- hindsight – how close to victory (or defeat) did the declaring captain get and so would an earlier declaration have made the crucial difference? I calculate and depict closeness to victory as a percentage – for the bowling team, not of the 10 wickets required, but using the average duration (in balls) of each completed wicket partnership (1st to 10th) in the sample period. This gives a more meaningful weighting of the significance of top order wickets and the proximity to victory when amongst the tail – on average!
- anecdotal – did the captain appear to delay the declaration? What was in it for the captain to make a bold declaration (e.g. Series situation, relative strength of the two teams)
- Scarf predictive analysis – according to Dr Scarf and Sohail Akhtar’s model, how much could the skipper have altered the balance of odds in favour of a victory (or defeat) with an earlier declaration?
And then I judge: Captain Cautious, Skipper Intrepid or just Captain Sensible. Five captains were the decision-makers and each is dealt with in turn.
Eng v WI in Antigua (February 2009)
Strauss declared mid-way through the second session of the fourth day, over 500 ahead. Just one West Indian wicket remained between England and victory (96% of the target requirement) the following evening. Hindsight says that any additional time could have secured a win for England, who had the incentive of being behind in the series (although two more matches were to be played).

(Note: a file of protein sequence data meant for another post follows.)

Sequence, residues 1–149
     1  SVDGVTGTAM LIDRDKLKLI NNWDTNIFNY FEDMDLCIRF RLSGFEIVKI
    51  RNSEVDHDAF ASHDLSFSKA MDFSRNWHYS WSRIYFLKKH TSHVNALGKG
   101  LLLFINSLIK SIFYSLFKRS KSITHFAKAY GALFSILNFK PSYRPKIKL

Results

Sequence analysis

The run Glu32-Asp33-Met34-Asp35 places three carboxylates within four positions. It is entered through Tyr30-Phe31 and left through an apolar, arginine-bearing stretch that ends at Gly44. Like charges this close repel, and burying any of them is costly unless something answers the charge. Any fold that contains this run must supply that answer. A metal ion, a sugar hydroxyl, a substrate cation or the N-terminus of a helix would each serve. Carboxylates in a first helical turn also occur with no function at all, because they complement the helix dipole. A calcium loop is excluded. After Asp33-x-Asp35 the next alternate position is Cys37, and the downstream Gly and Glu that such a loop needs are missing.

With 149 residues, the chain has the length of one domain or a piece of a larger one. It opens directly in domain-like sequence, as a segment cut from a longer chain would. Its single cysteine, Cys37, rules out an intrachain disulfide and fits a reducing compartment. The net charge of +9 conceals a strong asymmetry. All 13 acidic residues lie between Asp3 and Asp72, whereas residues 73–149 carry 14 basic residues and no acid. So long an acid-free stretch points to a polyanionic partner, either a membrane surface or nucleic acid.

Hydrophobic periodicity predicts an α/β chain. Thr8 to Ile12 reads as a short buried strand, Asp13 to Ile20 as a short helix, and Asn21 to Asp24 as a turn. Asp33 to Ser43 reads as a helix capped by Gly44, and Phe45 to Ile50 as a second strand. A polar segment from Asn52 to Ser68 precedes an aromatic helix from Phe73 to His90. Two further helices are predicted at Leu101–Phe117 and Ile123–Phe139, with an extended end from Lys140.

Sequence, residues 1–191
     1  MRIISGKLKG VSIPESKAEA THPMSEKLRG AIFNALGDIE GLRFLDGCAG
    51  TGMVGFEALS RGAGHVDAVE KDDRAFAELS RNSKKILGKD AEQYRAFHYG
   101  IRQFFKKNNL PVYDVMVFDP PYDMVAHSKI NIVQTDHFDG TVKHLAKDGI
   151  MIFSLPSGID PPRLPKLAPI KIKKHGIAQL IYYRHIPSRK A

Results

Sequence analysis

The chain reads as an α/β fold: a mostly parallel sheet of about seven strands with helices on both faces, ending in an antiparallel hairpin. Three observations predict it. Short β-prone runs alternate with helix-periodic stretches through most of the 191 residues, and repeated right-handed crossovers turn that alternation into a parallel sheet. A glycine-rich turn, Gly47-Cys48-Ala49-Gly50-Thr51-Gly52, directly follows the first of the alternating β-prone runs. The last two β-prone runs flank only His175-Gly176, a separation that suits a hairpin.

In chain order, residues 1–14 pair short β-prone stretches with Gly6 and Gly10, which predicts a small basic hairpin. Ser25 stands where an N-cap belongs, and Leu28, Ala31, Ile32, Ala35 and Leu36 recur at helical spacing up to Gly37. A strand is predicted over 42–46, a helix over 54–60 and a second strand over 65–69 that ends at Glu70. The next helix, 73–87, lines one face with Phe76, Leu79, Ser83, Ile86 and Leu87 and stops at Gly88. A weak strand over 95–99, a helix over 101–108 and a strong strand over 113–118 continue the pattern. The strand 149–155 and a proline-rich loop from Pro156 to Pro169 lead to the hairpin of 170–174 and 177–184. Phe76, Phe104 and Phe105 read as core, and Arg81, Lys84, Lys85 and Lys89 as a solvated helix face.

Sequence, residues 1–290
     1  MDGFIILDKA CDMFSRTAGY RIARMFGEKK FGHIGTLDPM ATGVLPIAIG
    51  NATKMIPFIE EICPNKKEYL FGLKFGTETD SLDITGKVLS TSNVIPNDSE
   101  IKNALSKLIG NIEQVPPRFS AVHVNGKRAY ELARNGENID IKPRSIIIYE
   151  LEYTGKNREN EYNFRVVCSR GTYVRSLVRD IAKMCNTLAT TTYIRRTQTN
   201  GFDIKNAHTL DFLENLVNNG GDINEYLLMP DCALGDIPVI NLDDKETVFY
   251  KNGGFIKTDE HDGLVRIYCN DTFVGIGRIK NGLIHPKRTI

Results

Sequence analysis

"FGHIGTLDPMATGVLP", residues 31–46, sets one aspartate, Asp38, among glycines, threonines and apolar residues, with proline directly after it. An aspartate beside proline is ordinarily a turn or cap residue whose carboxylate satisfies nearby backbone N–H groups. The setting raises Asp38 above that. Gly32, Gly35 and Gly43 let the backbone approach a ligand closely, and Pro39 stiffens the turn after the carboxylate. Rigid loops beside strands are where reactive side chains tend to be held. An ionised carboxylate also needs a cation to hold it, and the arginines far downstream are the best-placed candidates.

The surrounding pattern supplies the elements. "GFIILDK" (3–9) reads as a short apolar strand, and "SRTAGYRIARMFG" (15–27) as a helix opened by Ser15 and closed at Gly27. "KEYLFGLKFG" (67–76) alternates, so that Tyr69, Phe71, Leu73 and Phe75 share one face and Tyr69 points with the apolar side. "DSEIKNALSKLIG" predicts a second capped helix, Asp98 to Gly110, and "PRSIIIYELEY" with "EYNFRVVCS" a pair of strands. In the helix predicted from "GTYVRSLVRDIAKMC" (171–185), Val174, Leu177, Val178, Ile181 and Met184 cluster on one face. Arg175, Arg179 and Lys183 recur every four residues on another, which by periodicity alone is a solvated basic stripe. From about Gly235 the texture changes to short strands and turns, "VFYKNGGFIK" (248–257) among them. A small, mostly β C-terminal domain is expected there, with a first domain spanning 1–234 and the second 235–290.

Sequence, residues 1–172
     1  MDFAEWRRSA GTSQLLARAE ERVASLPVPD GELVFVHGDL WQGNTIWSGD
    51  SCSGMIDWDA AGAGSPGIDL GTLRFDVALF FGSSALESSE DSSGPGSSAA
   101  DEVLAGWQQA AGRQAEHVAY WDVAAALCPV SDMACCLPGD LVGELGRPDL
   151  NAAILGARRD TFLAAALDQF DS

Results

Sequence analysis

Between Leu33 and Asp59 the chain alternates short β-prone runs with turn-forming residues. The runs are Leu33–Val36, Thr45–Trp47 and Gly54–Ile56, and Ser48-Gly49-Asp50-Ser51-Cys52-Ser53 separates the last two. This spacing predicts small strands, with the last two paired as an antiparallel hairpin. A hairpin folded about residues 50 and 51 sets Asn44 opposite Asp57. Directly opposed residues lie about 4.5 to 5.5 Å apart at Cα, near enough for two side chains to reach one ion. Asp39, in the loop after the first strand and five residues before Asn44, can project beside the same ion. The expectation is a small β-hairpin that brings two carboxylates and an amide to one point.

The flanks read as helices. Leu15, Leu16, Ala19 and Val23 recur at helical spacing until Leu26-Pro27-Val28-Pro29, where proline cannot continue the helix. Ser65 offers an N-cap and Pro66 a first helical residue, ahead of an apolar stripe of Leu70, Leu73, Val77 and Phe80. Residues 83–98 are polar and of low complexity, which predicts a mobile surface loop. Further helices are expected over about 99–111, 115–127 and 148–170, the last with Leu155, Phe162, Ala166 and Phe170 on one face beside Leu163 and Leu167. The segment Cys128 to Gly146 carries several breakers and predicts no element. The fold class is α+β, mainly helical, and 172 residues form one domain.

Dr Scarf’s analysis doesn’t consider targets above 450. However, the likelihood of winning has peaked for fourth innings with 140 overs remaining with a target of 400. The model suggests that batting on for 20 overs cost England a 90%+ probability of winning, reducing the probability to below 80%. Captain Cautious
Eng v WI in Port-of-Spain (March 2009)
Two matches later and Strauss was able to set a total of 237 at lunch on the final day of the series. England had the West Indies eight wickets down (91% of target requirement) at the close of play. Just a few more overs and Strauss may have had the satisfaction of levelling the series.
Dr Scarf’s table shows that Test matches are rarely won by sides setting totals below 250. With as few as 66 overs remaining, a draw was the most probable result, but a successful chase more likely than the side being bowled out. The model indicates there was little to be gained from an earlier declaration. Captain Sensible
Eng v SL at Lord’s (June 2011)